Autophagy is strictly regulated by nutrients, energy, and insect molting hormone 20-hydroxyecdysone (20E) at transcriptional and post-translational levels [4,5,6,7,8]. Phosphorylation, acetylation, ubiquitination, SUMOylation, and methylation are well studied post-translation modifications (PTMs) of proteins, which play pivotal roles in biological processes in eukaryotes [9,10]. Histone acetyltransferases (HATs) and histone deacetylases (HDACs), which catalyze the acetylation and deacetylation of histone and nonhistone proteins, respectively, are associated with DNA repair, apoptosis, and angiogenesis in addition to autophagy [9,11,12,13]. In mammals, sirtuin 1 (SIRT1), histone deacetylase 6 (HDAC6), and HDAC1 deacetylate ATG proteins such as ATG5, ATG7, LC3/Atg8 promote autophagy [11,12,13]. Mammalian HDAC homologies such as Rpd3, HDAC1, HDAC3, HDAC6, and SIRT2 are suggested to link with stress resistance in Drosophila melanogaster, development in Sarcophaga bullata, and phase polymorphism in locusts [14,15,16]. Moreover, parasitoids are more likely to suppress host immune systems and development by impeding histone acetylation and deacetylation [17]. A recent study reveals that cholesterol and its derivatives induce the dephosphorylation of BmRpd3, the homolog of mammalian HDAC1, and consequently promote autophagy in Bombyx mori [8].
There are 13 HATs identified in mammals, which are classified into three main types including the P300, GCN5, and MYST19 family [11,18]. P300 acetylates Atg5, Atg7, LC3/Atg8, and Atg12, thus inhibit autophagy [10]. Tat-interactive protein 60 kDa (Tip60), the key histone acetyltransferase of the MYST family, binds with acetyl-CoA and subsequently catalyzes the acetylation of proteins, which are involved in the cell cycle, apoptosis, autophagy, and chromatin remodeling [19,20,21]. Tip60 functions as a part of an evolutionarily conserved nuclear multimeric protein complex (NuA4) to acetylate cell cycle-related protein p21 at lysine (lys) 161 and lys163; Tip60 also acetylates the DNA-binding domain at lys120 of p53, which determines the cell fate under DNA damage [22,23]. In addition, the mutation of the Tip60 acetylation site at lys120 in p53 totally abolishes cell apoptosis [24,25]. Tip60 is also implicated in autophagy, Tip60-mediated acetylation of lys162 and lys606 in ULK1 and lys483, lys523, lys533, lys573, and lys633 of Pacer are indispensable for the induction of autophagy in mammals [26,27]. The function of HATs is less studied in insects, and several reports suggest that P300/CBP regulates circadian rhythm in insects [28,29]. However, the function of HATs in autophagy has not been thoroughly investigated.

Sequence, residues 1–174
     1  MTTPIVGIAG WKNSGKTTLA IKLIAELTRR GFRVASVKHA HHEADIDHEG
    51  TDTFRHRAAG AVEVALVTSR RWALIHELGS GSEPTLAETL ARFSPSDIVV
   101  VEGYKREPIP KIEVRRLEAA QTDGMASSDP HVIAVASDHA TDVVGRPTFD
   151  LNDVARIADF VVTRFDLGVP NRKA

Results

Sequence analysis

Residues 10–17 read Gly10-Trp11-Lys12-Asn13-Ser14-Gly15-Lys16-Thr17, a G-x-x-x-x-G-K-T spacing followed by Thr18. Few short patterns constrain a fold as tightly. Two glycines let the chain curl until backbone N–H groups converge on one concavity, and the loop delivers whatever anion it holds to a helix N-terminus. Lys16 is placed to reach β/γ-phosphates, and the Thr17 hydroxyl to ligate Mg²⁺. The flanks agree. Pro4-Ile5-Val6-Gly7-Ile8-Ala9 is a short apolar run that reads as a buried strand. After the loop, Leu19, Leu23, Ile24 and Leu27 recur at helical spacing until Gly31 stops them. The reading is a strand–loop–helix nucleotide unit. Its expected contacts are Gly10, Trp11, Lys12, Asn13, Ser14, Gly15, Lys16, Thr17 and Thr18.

Nutrients are the most universal upstream signal in regulating autophagy [1]. In mice, cells in most tissues display increased numbers of autophagosomes after starvation [30]. Starvation withdraws growth factors such as insulin and insulin-like growth factors to inhibit MTOR (mechanistic target of rapamycin kinase) signaling, and consequently activates autophagy [31,32]. In addition, starvation also activates AMP-activated protein kinase (AMPK) to induce autophagy through the inhibition of MTOR activity via the phosphorylation of tuberous sclerosis complex 2 (TSC2) and raptor in mammals [32,33]. Similarly, starvation regulates autophagy through interaction with PI3K-MTORC1 and AMPK in D. melanogaster and B. mori, thus affecting the phosphorylation status of the Atg1-Atg13 protein complex to initiate autophagy [5,34,35].
B. mori, a model of lepidopterans, exhibits robust autophagy during larval–pupal metamorphosis induced by high titer 20E combined with starvation signaling [5,7,36]. However, the PTMs in regulating autophagy in insects are not fully elucidated. As a potential acetyltransferase, BmTip60 has not been investigated. Thus, research on its molecular function and regulatory mechanism will provide a better understanding of the regulatory mechanism of multiple biological processes in insects.

2. Results

2.1. BmTip60 Is Highly Conserved from Insects to Mammals and Is Able to Catalyze Protein Acetylation

Based on the conserved acetyltransferase domain of mammalian Kat5/Tip60, one predicted Bombyx Tip60 (XP_004928298.1) was blasted in NCBI. The phylogenetic tree of Tip60 homologs was constructed between more than 20 species from Saccharomyces cerevisiae to Homo sapiens, mainly including Insecta, Decapoda, and other Crustacea using the maximum-likelihood approach (gene IDs are listed in the Table S1). Results showed that BmTip60 was highly conserved with the homologs from Bicyclus anynana and other lepidopterans, meanwhile, it harbored around 60% identity to the human Kat5/Tip60 (Figure 1A).